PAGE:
In this revisionist history of early modern China, Evelyn Rawski challenges the notion of Chinese history as a linear narrative of dynasties dominated by the Central Plains and Hans Chinese culture from a unique, peripheral perspective. Rawski argues that China has been shaped by its relations with Japan, Korea, the Jurchen/Manchu and Mongol States, and must therefore be viewed both within the context of a regional framework, and as part of a global maritime network of trade. Drawing on a rich variety of Japanese, Korean, Manchu and Chinese archival sources, Rawski analyses the conflicts and regime changes that accompanied the region's integration into the world economy during the sixteenth and seventeenth centuries. Early Modern China and Northeast Asia places Sino-Korean and Sino-Japanese relations within the context of northeast Asian geopolitics, surveying complex relations which continue to this day.
Evelyn S. Rawski is Distinguished University Professor of History at the University of Pittsburgh. She received a PhD in History and Far Eastern Languages from Harvard University, Massachusetts in 1968. A Guggenheim Fellow in 1990, she served as president of the Association for Asian Studies from 1995-6. She is the author of Agricultural Change and the Peasant Economy of South China (1972), Education and Popular Literacy in Ch'ing China (1979), and The Last Emperors: A Social History of Qing Imperial Institutions (1998).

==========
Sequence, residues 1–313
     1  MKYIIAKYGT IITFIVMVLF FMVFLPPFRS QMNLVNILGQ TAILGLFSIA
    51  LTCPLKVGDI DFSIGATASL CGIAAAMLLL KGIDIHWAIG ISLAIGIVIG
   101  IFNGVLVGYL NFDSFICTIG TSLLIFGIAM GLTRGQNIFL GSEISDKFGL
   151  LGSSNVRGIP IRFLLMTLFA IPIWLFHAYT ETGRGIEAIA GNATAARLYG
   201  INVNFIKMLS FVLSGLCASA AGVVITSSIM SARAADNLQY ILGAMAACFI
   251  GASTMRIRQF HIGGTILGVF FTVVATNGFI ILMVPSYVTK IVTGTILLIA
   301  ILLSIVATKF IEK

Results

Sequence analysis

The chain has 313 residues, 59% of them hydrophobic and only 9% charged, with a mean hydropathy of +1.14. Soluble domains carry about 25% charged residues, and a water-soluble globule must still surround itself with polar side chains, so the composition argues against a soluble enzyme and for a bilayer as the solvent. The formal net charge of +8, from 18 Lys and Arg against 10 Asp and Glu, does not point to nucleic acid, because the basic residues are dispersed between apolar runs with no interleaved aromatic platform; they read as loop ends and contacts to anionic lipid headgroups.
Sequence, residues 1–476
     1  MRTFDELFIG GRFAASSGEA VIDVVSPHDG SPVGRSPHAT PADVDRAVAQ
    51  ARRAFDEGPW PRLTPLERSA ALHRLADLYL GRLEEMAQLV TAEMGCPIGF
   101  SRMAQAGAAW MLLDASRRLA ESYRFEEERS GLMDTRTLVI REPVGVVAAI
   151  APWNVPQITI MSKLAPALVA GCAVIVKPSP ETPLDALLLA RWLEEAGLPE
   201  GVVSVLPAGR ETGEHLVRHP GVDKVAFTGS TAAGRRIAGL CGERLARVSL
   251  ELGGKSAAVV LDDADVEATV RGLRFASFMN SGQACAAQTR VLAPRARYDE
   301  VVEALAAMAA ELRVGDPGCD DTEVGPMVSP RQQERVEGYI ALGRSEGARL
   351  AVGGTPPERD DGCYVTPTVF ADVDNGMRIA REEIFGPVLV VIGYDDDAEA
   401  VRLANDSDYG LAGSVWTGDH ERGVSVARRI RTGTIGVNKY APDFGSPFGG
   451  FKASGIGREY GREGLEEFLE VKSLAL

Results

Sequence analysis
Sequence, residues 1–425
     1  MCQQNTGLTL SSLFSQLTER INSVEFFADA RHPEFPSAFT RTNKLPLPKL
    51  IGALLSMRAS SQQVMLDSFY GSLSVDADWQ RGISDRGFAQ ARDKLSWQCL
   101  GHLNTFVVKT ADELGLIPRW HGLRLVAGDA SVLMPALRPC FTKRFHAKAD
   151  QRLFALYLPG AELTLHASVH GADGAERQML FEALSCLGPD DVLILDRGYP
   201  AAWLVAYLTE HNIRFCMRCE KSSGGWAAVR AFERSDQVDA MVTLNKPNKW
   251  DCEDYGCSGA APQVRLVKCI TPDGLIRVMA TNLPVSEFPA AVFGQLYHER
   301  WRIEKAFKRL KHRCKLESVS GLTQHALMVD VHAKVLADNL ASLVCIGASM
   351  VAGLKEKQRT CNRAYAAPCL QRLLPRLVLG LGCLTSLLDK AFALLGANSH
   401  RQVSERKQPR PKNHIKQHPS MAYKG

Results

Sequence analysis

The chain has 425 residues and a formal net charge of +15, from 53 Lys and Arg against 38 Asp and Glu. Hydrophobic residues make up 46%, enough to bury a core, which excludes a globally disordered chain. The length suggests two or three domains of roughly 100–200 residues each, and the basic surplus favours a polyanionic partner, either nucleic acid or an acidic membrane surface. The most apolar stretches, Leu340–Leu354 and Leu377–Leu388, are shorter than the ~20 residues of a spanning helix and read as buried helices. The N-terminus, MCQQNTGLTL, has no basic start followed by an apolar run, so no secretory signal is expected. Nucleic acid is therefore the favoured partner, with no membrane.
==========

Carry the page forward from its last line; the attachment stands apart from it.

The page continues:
Acknowledgements; Note on transcription and other conventions; Introduction; Part I. China in Regional and World History: 1. The northeast frontier in Chinese history; 2. Transformations in early modern northeast Asia; Part II. Cultural Negotiations: 3. Unity and diversity in state rituals; 4. Kinship and succession in China, Japan and Korea; 5. Identity issues: the civilized/barbarian discourse; Conclusion; Epilogue: drawing boundaries in northeast Asia; Bibliography; Index.